Your mom’s head is like a ball; I will kick it to the Sipai Building.
This participant is born and raised in China. Growing up, she also absorbed a great load of Chinese folklore from her friends. This folklore piece is very interesting. According to her, this piece is mainly used among younger children, who often use this kind of rhymed saying to curse each other.
The theme of this swear is also related to the tarnishing of mothers. This piece is fascinating in the way that it’s rhymed, and that although the ballad seems violent, hearing this from a kid is very funny and childish, not violent at all.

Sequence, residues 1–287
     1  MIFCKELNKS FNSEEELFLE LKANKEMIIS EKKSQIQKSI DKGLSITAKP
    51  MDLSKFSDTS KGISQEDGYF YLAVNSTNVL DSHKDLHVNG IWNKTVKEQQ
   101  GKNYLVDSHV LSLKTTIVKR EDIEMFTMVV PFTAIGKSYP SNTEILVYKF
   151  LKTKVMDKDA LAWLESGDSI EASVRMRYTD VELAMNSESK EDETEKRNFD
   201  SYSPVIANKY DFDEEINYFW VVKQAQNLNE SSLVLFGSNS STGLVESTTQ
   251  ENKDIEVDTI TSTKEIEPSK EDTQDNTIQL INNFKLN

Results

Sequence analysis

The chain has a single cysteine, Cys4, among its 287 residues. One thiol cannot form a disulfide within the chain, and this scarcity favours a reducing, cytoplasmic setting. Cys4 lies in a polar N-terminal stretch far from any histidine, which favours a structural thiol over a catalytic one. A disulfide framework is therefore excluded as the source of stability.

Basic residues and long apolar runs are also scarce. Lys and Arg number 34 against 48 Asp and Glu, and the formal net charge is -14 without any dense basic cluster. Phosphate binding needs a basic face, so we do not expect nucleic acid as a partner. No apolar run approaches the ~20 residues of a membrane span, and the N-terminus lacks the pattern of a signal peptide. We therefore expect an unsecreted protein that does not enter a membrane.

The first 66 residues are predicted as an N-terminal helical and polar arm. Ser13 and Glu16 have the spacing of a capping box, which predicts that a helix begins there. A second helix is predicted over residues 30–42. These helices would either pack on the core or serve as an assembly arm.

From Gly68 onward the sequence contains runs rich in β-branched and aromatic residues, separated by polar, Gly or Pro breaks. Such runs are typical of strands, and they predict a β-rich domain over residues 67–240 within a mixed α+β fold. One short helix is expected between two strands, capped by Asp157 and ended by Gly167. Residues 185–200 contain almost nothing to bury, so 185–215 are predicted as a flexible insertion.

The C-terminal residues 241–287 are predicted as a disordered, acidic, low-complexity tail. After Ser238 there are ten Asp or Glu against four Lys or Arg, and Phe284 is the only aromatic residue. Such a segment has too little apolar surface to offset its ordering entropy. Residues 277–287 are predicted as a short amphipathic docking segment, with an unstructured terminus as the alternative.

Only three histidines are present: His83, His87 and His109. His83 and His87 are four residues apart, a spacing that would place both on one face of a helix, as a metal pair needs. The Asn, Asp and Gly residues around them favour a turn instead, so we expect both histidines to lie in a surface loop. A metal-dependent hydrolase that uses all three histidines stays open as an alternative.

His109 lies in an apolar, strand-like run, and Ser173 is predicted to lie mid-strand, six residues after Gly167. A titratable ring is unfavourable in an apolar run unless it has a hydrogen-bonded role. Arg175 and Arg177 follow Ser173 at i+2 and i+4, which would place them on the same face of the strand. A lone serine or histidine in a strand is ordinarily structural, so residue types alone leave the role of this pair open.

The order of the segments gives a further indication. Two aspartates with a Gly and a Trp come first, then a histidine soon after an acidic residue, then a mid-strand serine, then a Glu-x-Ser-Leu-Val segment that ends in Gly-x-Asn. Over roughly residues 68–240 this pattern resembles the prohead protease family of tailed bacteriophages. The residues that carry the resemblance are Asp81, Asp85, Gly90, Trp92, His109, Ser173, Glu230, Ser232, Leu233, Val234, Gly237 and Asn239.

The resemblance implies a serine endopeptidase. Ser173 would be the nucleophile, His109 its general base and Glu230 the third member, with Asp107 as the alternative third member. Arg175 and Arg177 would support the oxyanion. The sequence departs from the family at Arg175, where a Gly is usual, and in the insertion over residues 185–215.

Annotation: Her version comes from Hefei, but this ballad actually has many different versions throughout China and takes on different localization. For example, the version she gave me utilizes the local building name Sipai Building, while my city’s (I’m from Shenzhen, a southern city) is like “your mom’s head is like a ball, there are mountains, water, and rivers, just like the earth.” My another friend from Chongqing says that he has heard similar folklore when he was young, but his version was “your mom’s head is like a ball, I will kick it to the skyscrapers.”